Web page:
FLEMINGTON, NJ - A policy making more in-person learning possible in Flemington-Raritan Regional School District passed with an 8-1 vote Monday night.

The move will allow the district to combine its two cohorts by making its desk physical distancing requirement 3 feet and, ideally, 6 feet apart. The change also allows face coverings to be removed when gym is held outdoors.

The change is expected to begin March 22, still with half days and the cohorts attending school together.

Board member Dr. Marianne Kenny voted against the measure, saying that, as a mother and a pharmacist, she has been following information regarding the coronavirus closely and could not in good faith support the policy change. The 6-foot parameters come from the CDC framework, Kenny said, and she also cited a joint statement from the American Medical Association, American Hospital Association and American Nurses Association urging precaution to limit the spread.

By changing the policy, the board is removing two mitigation layers, Kenny said – the 6-foot distancing and the two separate cohorts.

“We understand how this is a tough decision,” said superintendent Dr. Kari McGann. “But I still stand by that it’s best for the kids.”

McGann also said she is confident it can be done safely.

“I’m asking for the parents to remain vigilant,” said Tim Bart, board president. “Don’t be complacent with these strategies, with transparency.”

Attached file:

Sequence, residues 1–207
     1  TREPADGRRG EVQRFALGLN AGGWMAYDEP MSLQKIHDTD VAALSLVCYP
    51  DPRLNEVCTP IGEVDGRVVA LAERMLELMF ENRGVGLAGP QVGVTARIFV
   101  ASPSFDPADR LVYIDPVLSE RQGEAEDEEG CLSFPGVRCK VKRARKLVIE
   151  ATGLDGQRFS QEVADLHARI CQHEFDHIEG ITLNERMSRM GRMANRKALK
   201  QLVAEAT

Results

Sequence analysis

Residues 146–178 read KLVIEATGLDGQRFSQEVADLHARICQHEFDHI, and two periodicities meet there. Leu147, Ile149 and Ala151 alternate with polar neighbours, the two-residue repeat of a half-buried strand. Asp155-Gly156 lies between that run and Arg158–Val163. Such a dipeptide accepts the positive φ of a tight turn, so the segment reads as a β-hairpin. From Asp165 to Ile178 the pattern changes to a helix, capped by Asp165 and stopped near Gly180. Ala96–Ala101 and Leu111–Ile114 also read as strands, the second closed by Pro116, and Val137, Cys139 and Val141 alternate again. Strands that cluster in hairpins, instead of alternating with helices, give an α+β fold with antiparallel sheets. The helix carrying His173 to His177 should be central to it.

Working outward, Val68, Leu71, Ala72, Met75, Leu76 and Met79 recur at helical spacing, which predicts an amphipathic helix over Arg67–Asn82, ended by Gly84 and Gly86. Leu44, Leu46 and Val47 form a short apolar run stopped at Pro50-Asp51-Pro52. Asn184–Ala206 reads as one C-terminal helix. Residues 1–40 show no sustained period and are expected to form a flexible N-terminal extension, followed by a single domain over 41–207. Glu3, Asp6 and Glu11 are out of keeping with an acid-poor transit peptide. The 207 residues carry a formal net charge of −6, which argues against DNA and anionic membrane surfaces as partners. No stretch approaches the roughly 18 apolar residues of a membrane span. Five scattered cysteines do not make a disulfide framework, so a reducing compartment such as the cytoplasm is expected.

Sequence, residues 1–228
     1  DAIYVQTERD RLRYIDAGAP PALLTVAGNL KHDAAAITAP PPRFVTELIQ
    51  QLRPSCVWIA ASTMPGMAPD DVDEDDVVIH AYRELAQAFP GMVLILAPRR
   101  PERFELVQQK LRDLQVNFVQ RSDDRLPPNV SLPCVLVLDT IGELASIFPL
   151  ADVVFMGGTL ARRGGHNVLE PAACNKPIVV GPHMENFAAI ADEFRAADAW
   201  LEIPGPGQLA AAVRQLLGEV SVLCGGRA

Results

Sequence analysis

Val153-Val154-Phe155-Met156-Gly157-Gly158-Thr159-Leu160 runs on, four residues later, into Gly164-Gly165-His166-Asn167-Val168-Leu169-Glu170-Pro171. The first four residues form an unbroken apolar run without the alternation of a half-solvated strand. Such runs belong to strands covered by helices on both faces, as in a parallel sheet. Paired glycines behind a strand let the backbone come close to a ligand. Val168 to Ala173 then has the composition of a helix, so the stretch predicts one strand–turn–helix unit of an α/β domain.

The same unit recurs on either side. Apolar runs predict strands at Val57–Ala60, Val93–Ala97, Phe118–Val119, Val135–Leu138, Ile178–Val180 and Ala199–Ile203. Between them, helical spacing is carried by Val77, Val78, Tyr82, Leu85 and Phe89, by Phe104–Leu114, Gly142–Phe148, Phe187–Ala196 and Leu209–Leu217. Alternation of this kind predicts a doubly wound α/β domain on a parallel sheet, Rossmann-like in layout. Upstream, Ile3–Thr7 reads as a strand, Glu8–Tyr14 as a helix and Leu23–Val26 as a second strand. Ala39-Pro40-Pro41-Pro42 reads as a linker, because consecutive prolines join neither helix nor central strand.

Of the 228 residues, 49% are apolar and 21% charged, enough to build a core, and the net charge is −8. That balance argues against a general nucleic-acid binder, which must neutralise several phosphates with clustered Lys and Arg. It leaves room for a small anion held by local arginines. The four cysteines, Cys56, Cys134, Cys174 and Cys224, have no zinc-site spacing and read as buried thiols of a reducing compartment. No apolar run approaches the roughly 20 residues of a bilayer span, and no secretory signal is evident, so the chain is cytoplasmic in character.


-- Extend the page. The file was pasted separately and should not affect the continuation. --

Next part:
“It gives me hope that our children will go back to school in a few weeks time and back to some sense of normalcy,” said Lillian Colpas, a mother of two children in the district.

While students were “thrilled to return to friends and teachers,” the hybrid model has been “less than ideal,” said Kathleen Barbee, of Raritan Township, a school nurse in the district.

She said it is time to return to school full time.

“I believe it is time, and I believe it can be done safely,” Barbee said, noting opening with normal class sizes can be done without significant increases in COVID-19 cases. “In our own district, we have seen minimal transmission in the buildings.”

Some parents expressed concerns about the change to the in-person schedule.

“I think the board is rushing to do this,” said Nicole Piccoli, mother of two children in the district.

Piccoli said she is on board for a fall opening and would prefer to keep the hybrid schedule through the remainder of the school year, which, she said, would give the added benefit of allowing teachers time to be vaccinated.

Julia Colvin, of Raritan Township, echoed her concerns.

“We were hoping that everything would be scheduled for a return in the fall, and this just seems rushed,” she said.

Parent Caitlin Persche said she is concerned with teachers potentially being put at risk with double the students and less social distancing.

“My concern rather is what teachers are being asked to do in this new model,” Persche said.

Several parents also voiced concerns over virtual learners as the district transitions to more in-person learning. Bart assured them the district wants all learners to get a high level of education.

The district has about 3,000 students, and more than 900 are currently all-virtual learners.